Grad School in the Humanities: Pros and Cons
Brian Weatherson, who has his Ph.D from Australia’s Monash University and is tenured at Cornell [CV in PDF], argues that, contrary to the conventional wisdom, going to graduate school in the humanities is a grand idea.
His argument, though, is couched with a lot of caveats.
The important point here is that no one ever has to decide to go to grad school as such. The big decision is whether to go to a particular graduate school that has offered you a (hopefully funded) place. In other words, when you have to make the crucial decision, you may well be in position of crucial information (i.e. that youÃ¢€™re at a school with an excellent placement record) that suggests your career prospects are very good.
There is a flipside to this of course, and thatÃ¢€™s that by the time youÃ¢€™re accepted, you might know that your only grad school option is to go somewhere with a very poor placement record. (Or a very poor record of competent advising, or poor morale among students, or what have you.) At that stage, it is a very good idea to reconsider how strongly you want to go to graduate school.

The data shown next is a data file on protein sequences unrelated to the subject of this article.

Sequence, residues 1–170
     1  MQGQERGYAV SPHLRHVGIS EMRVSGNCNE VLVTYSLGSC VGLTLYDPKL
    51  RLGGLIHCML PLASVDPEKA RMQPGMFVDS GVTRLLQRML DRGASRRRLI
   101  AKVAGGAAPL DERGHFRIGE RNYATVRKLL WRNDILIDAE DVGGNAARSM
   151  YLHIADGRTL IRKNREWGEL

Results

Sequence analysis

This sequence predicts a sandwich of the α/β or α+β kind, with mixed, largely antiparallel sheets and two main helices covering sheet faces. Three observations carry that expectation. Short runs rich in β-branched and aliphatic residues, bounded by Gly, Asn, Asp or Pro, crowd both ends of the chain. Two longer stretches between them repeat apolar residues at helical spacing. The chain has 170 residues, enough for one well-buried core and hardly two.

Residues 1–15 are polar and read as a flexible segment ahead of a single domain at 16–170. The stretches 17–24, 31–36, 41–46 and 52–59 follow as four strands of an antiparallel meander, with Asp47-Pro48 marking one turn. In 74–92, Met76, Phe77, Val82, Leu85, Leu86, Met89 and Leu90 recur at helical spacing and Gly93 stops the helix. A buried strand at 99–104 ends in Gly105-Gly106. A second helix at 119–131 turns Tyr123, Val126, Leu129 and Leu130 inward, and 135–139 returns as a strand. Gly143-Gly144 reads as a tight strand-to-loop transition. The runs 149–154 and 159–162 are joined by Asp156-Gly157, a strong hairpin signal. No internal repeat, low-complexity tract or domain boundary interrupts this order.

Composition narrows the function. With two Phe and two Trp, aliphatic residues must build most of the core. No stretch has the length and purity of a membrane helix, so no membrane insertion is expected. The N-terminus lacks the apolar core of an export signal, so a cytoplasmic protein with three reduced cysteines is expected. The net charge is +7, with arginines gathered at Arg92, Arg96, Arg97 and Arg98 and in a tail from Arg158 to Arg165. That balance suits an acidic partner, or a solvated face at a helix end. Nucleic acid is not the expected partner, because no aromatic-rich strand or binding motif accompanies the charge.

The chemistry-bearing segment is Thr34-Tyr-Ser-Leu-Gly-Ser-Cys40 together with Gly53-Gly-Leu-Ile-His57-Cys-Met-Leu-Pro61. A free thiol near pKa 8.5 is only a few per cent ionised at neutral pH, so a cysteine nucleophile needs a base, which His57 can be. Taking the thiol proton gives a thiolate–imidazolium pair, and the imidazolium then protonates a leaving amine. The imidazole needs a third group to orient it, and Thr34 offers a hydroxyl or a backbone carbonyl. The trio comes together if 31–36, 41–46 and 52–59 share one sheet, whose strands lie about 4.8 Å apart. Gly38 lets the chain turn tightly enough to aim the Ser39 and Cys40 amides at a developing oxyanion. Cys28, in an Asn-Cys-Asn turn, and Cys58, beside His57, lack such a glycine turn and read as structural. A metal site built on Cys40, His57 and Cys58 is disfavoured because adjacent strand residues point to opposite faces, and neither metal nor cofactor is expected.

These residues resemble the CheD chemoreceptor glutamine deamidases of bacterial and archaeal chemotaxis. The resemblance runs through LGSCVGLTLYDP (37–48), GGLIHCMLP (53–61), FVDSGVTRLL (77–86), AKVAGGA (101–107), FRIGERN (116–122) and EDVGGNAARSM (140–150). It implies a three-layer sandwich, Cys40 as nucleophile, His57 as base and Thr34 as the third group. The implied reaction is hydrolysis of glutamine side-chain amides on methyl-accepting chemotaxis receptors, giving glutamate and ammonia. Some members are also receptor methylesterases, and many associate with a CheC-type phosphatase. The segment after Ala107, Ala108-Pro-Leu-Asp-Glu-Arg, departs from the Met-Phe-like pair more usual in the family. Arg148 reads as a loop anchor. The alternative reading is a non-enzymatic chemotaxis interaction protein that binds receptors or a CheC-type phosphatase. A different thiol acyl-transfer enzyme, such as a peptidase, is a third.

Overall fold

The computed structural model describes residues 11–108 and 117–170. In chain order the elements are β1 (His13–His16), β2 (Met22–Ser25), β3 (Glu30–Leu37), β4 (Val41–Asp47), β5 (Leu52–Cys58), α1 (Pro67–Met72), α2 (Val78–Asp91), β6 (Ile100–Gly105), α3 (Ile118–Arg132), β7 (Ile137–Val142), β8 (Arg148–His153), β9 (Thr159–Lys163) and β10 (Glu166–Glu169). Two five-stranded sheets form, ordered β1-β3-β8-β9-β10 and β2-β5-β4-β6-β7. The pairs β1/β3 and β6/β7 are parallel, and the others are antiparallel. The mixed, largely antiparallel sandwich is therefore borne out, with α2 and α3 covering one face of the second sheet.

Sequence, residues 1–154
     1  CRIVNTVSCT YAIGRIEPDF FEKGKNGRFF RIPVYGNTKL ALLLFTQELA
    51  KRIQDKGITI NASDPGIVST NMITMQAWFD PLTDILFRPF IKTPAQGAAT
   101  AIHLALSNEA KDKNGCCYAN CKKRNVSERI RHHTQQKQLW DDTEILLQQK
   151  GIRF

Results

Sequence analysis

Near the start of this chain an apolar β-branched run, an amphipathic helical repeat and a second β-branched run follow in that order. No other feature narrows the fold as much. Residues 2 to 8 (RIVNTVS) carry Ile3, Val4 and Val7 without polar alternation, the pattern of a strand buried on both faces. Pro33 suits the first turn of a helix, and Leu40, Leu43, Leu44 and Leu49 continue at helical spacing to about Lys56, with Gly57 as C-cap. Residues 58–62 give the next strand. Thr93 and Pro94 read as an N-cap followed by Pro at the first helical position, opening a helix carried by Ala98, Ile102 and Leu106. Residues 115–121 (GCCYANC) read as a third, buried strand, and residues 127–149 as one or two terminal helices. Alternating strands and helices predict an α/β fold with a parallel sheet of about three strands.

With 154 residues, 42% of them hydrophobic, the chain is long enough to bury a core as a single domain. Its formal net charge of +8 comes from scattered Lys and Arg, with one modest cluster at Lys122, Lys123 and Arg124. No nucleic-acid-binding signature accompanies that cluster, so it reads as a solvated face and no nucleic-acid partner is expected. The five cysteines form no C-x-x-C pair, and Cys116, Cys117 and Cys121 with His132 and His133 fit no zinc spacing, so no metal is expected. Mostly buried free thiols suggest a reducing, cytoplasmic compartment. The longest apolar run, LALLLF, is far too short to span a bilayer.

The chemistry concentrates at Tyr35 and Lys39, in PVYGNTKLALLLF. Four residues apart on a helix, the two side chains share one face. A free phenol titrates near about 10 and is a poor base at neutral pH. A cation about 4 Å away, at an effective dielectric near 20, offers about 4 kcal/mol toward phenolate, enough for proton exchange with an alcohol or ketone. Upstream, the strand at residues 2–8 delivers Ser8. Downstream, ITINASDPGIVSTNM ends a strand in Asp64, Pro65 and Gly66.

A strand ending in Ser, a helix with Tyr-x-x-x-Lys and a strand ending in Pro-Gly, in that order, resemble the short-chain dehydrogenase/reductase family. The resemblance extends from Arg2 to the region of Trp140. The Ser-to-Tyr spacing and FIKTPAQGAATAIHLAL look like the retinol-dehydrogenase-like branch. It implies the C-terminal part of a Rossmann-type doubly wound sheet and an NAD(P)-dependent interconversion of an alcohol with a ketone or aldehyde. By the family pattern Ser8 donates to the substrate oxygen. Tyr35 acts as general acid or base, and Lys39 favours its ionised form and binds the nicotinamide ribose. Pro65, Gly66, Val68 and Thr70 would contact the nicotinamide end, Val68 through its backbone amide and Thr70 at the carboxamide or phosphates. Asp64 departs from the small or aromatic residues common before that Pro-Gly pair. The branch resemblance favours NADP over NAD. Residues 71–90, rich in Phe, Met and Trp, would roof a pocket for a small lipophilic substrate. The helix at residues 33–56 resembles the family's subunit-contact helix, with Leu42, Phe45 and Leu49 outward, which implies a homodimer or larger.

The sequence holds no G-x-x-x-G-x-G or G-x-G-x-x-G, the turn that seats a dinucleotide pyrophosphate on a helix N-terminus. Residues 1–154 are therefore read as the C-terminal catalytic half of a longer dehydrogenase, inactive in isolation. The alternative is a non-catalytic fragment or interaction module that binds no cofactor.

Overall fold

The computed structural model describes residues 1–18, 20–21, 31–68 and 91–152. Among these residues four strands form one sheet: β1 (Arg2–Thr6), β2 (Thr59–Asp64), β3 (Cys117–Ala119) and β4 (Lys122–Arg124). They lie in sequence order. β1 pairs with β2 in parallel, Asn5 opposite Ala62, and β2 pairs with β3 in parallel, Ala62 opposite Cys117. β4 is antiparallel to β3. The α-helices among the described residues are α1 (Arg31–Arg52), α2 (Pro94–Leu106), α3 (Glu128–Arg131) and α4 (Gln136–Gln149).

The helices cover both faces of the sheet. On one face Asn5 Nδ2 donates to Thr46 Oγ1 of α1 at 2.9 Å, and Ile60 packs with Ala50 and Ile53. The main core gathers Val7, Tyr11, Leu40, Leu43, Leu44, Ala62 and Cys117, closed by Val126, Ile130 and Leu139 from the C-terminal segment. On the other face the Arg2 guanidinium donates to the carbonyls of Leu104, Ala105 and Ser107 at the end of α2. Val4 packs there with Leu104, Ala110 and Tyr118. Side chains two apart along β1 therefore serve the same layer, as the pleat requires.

Basically, it boils down to this: Go to grad school if you can get a free ride to a top ten institution or if you don’t mind being relegated to the backwaters of academia teaching dull students or don’t mind losing ten years of earning potential before going into another line of work.
That sounds about right.